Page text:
Please Don’t Die To Avoid ROUTINE …

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Lethal Routine


A neighbour of mine, Hal, died violently this week.

He awoke Wednesday as usual, settled his feet onto the early morning chill floor of his bedroom, and focused his sights on the forthcoming day. But come evening, unlike every other day, he didn’t sink into the comfortable bed that awaited.

Yes, it began a routine day for retired Hal, probably a lot like many other days in his 70 or so years. He kissed his wife, Maica, goodbye as she left for work, put on a routine shirt and pants, and prepared a routine breakfast. He slipped on his routine shoes.

The day’s schedule? Just a bit of routine home maintenance.

A couple of hours later, Dianne, our nearby neighbour, casually strolling past his house, spotted some feet sticking straight up in the air from the outside basement stairs like toothpicks in a jar.

Hal had fallen from a ladder perched inside his back stairs, then smashed his head on a concrete ledge. He laid hanging upside down dripping thick, crimson blood from a gaping wound, eyes open in a fixed, blank stare, until Dianne happened along.

Heart in throat, she called 911 while reassuring and comforting comatose Hal – tall, slender, quiet-spoken, shy, white-haired, sweet-smiled, Salvation Army member, dog-loving, just remarried 3 years ago … Hal.

It was a routine day that began in a similar fashion to the 25,000+ that preceded it.

But 24 hours later, Hal’s routine was no longer. Routine, like Hal, was dead.

New Things

This put me to thinking about the paths we roam … about life’s routines and hidden dangers.

ROUTINE is a word, that for me, is like MODERATION.

It lacks energy and spark. It lacks a clear meaning that paints a picture in our heads. When we use a word, everyone should know the story.

Of course I have routines, sometimes I even embrace and feel comforted by routines. There are routines, but then there are … routines.

The difference?

One type of routine is pursued as a way of becoming great at something that inflames an inner passion.

Example? I try to practice my guitar a minimum of 1/2 hour each day as a way of improving my skill, my ability to make pleasing harmony – something that plunges to my deepest inner core. It is a heady, floating feeling that accompanies improvement.

On the physical side of life, I routinely run a whack of miles each week to maintain my Sidney Crosby level of fitness (cough cough) but also to develop a slightly greater pace than the week previous. I’ve attended my friend Marsha’s yoga class for 7 or 8 years now to stretch my aging muscles so I can keep running for a few years still to come.

There are times when this self-improvement business feels like the other kind of cancerous routine I’ll discuss below, but it’s a necessary evil when we want to work towards mastery.


I encourage you to build a strong base of these types of routines. Put in your 10,000 hours. Become a better pianist, golfer, chef, mathematician, stand-up comic, learn German. Work hard on those routines.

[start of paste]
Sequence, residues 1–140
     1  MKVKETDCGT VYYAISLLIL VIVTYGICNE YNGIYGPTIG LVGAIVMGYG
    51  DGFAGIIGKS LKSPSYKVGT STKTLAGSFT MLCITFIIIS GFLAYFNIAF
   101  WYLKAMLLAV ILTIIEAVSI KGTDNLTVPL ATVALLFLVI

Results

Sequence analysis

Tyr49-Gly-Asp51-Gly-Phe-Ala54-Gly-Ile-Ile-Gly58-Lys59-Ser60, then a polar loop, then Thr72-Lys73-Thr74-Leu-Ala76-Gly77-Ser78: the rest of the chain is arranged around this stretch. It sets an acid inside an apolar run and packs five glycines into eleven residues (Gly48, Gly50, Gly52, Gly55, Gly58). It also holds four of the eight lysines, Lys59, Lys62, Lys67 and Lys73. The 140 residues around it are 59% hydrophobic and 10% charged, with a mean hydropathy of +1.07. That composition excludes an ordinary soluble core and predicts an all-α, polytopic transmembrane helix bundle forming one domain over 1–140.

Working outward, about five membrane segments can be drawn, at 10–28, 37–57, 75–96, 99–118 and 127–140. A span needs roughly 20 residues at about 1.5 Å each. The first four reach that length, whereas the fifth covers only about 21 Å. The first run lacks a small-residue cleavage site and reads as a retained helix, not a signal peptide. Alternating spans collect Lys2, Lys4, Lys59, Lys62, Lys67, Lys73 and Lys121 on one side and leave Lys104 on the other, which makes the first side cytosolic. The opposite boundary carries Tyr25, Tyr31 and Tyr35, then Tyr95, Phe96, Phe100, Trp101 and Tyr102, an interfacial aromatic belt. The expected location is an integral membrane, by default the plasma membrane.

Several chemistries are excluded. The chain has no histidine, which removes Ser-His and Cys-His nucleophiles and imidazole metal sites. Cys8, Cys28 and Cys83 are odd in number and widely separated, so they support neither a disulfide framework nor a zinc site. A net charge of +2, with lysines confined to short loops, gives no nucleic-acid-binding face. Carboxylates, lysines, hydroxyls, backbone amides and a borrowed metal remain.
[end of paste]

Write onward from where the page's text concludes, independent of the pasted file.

Sweat. Bleed. Cry. Vomit. Improve.


My mind rebels at stagnation. Give me problems, give me work, give me the most abstruse cryptogram, or the most intricate analysis, and I am in my own proper atmosphere. But I abhor the dull routine of existence. I crave for mental exaltation.

Arthur Conan Doyle

EXALTATION! It sounds religious, but it describes the feeling we get when we do something that excites us and we want to become better at.


And THEN …

… there’s the other ROUTINE …


This other kind of routine I try to avoid like hair in my soup, or nails scratching down a blackboard. I don’t want to see or hear it.

No day should be a carbon copy of any other, should it?

Every day should have a little something special to say, as if it were as unique and notable as your birthday.

I struggle with this. I’m plagued by the idea of normalcy and routine. There’s a reason why some people respond to the question, “What’s new?” with “Oh, the same old, same old“. They’ve allowed the cancerous routine to set up shop. Are there sadder words to be spoken? Their eyes take on an appearance of something from The Walking Dead zombies.

Walking Dead Workout

Here’s an inspired way out of that Walking Dead routine of life….

When someone says this to me I want to grip them by the shoulders and shake them. PLEASE … find a path that makes your heart hum along with an enthusiastic beat.

I’ve said this before (maybe it’s a part of MY routine!), but if you don’t wake up on at least one Monday morning each month feeling an inner urge to skip along the sidewalk to work, then there’s a few cancer cells in your routine that might benefit from a dose of treatment.

Last Sunday, I pedalled my bike in the early morning sunshine along Highway 97, up the long, steep hill that leads to my little Okanagan town of Summerland and the Tim Hortons coffee shop perched at the top of the hill. It’s probably the last Sunday to ride a bike up to Tims as the weather grows cool, the day length shorter.

The bike ride to Tims used to be our Sunday “routine”. It needed a change-up.